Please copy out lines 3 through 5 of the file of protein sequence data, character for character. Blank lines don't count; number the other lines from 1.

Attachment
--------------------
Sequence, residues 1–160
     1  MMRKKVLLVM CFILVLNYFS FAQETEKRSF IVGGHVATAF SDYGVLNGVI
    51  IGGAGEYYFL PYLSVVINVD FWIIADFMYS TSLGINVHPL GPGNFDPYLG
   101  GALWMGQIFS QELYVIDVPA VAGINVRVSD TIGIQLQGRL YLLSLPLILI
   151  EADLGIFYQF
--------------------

    51  IGGAGEYYFL PYLSVVINVD FWIIADFMYS TSLGINVHPL GPGNFDPYLG
   101  GALWMGQIFS QELYVIDVPA VAGINVRVSD TIGIQLQGRL YLLSLPLILI
   151  EADLGIFYQF